Scoring, not great drives or pinpoint approach shots, is the secret to breaking 80 and to score like a pro.
So, you need to become a good scorer to go low. One PGA pro that epitomizes a good scorer is Phil Mickelson. He’s been among the PGA’s top players for better than a decade. His ability to score down the stretch is what keeps him near the top of the PGA Tour year in, year out.
But scoring isn’t as easy as it sounds. In fact, it’s a challenge for many weekend golfers. To do it well, you have to eliminate the mistakes that cost you strokes. But scoring doesn’t mean you have to make major swing or game adjustments. Often, it’s just a question of making small changes that help you play smart golf. And playing smart golf is the key to breaking 80 and chipping strokes off your golf handicap.
Phil Mickelson is one pro on the tour who has become a scoring machine. Below are five scoring secrets to score like a pro:
• Trade yards for accuracy — Mickelson has always been a little shaky of the tee. But in 2013 he made a fateful decision that turned his long game around. He opted for accuracy over distance. That year Lefty achieved the highest percentage of greens hit since 2004. In other words, he traded yards for accuracy off the tee—and it worked. Weekend golfers need to do the same. Using a higher lofted driver (at least 10.5) or the 3-wood off the tee more will get you there.
• Use length to add distance — Mickelson’s natural swing is long and loose. He tried a shorter swing, but then went back to his natural swing in 2013. It works for him because he is a master at letting the club rotate freely through the ball and into his forward swing. And he does it without holding back. So he’s able to drive the ball long distances.
• Staying true to your natural swing can work for you, too.
But use swing length not swing speed to grab extra yards. Make your backswing as long as you comfortably can. Then turn your torso—and your hips as much as you can. Using swing length lets you swing naturally and boost yardage while staying within yourself.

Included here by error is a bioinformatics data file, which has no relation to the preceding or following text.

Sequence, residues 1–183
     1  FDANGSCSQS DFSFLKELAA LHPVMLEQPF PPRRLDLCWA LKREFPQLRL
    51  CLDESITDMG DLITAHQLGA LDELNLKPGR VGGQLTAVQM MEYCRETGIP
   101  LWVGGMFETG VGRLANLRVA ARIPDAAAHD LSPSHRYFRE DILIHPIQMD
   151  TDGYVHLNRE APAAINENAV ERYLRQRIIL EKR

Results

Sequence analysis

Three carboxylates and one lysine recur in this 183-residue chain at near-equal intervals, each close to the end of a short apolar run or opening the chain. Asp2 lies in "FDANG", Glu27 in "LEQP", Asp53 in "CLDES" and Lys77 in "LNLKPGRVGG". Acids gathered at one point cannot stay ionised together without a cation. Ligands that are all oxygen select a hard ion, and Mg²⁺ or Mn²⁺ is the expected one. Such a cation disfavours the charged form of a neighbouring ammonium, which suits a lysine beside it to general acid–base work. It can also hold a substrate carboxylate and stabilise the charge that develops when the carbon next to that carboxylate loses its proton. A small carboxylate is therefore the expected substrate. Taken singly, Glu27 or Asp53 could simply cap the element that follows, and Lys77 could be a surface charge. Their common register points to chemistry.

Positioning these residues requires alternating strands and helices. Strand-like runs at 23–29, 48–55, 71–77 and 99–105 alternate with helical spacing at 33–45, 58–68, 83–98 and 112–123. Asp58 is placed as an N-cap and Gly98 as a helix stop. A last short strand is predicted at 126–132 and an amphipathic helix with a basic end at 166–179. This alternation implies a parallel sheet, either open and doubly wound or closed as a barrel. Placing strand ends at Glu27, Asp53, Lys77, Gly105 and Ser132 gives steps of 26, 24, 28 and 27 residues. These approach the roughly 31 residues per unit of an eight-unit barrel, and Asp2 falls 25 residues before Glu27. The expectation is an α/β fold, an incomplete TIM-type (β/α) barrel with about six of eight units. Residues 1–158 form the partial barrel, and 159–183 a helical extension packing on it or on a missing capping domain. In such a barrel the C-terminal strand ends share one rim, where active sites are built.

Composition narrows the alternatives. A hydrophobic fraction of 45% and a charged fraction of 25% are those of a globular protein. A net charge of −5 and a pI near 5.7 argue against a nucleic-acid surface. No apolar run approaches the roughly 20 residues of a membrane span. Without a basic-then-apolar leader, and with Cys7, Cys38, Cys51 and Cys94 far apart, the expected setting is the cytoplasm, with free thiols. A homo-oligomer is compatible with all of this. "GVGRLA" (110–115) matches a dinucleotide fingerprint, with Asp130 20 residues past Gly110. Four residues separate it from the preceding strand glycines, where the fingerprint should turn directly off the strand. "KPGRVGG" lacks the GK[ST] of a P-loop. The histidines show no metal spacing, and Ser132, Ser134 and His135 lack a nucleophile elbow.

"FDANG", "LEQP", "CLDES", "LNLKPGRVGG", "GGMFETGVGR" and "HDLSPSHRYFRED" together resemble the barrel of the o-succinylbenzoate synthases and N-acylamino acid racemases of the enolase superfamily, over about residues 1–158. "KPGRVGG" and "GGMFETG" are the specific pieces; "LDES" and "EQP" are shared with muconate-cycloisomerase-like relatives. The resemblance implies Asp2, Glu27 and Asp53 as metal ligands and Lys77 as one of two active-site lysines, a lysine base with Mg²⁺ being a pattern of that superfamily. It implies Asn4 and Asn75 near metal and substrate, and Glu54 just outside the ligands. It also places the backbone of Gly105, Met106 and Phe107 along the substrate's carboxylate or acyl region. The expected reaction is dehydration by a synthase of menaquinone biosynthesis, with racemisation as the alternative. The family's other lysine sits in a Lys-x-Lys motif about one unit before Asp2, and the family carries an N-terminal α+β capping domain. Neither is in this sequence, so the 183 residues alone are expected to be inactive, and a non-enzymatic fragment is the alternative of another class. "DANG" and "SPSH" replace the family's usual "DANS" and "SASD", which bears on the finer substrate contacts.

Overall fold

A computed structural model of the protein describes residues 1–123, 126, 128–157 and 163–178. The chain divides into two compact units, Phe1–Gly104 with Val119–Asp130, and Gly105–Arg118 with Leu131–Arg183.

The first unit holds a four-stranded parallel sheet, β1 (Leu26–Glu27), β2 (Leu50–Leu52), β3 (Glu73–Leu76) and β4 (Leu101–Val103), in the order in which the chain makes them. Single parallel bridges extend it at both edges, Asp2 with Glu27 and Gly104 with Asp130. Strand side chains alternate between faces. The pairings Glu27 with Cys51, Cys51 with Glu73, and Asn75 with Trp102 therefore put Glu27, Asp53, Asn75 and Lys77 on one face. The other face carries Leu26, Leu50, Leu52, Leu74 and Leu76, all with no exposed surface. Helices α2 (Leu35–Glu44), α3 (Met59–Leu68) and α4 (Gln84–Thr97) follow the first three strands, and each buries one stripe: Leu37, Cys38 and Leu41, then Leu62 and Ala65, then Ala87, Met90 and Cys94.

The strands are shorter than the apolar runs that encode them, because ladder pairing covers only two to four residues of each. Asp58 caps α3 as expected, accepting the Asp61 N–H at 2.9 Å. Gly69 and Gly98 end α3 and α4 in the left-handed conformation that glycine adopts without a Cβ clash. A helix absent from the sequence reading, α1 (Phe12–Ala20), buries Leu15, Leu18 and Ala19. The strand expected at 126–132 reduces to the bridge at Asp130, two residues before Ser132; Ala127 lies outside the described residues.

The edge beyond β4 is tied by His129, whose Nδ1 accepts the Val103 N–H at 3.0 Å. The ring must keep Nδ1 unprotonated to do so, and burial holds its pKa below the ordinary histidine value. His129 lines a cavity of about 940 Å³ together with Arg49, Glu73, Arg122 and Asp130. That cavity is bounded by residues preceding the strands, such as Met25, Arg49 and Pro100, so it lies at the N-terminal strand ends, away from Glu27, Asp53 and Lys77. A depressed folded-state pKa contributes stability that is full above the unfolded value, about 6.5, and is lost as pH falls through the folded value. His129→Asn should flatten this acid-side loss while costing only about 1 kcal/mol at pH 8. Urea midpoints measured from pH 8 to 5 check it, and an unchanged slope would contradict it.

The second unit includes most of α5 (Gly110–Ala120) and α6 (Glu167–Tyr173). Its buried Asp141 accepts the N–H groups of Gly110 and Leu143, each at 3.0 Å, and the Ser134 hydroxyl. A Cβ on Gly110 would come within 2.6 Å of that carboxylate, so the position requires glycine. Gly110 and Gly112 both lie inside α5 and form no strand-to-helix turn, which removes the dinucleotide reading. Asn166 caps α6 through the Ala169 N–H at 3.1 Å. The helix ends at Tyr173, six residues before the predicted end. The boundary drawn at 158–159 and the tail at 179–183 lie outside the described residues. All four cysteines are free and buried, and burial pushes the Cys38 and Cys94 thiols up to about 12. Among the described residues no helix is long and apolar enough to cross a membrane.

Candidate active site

• Perfect your putting — Mickelson did three things to “weaponized” his putting in 2013 to improve scoring capabilities: He:
1. Delofted the putter less than he did and forward presses the shaft less
2. Used a fat grip, which reduces hand action and needs less grip pressure
3. Visualized the roll of his putts more
The last change is the real key to Mickelson’s skill with the flat stick. So, spend more time on the practice green visualizing roll, and less on worry about mechanics. Picturing the ball’s role perfectly in your mind is step one in perfecting your putting.
• Turn chip shots into scoring chances — Mickelson’s superb touch around the greens turn chips into scoring shots. He’s a proponent of the hinge-and-hold technique of chipping. He believes it’s the only way to hit solid chips consistently. Many PGA pros would agree. This technique is simple to learn and works in most situations. Plus, it cuts down on the biggest mistake in chipping—letting the clubhead pass your hands after impact.
• Play without fear — Mickelson is among the streakiest players on the Tour. That because he knows reward can’t come without risk. In other words, he plays without fear, enabling him to turn tough shots into scoring changes, something he continued to do in 2013. While you shouldn’t copy every shot Mickelson tries, you should copy his style by approaching every shot without fear. Do that by visualizing success at the start of a shot and developing a pre-shot routine. And stick with it. Also, simplify everything. Pick your target, see the shot, and swing.
Use these five golf tips from Mickelson to ignite your scoring capabilities. Each encourages a small adjustment to how you’re playing now that payoffs big on the course. Ingraining these golf tips can turn you into a scoring demon that will dominate your foursome. It will also help you break 80 and shave strokes off your golf handicap. Who doesn’t want all that?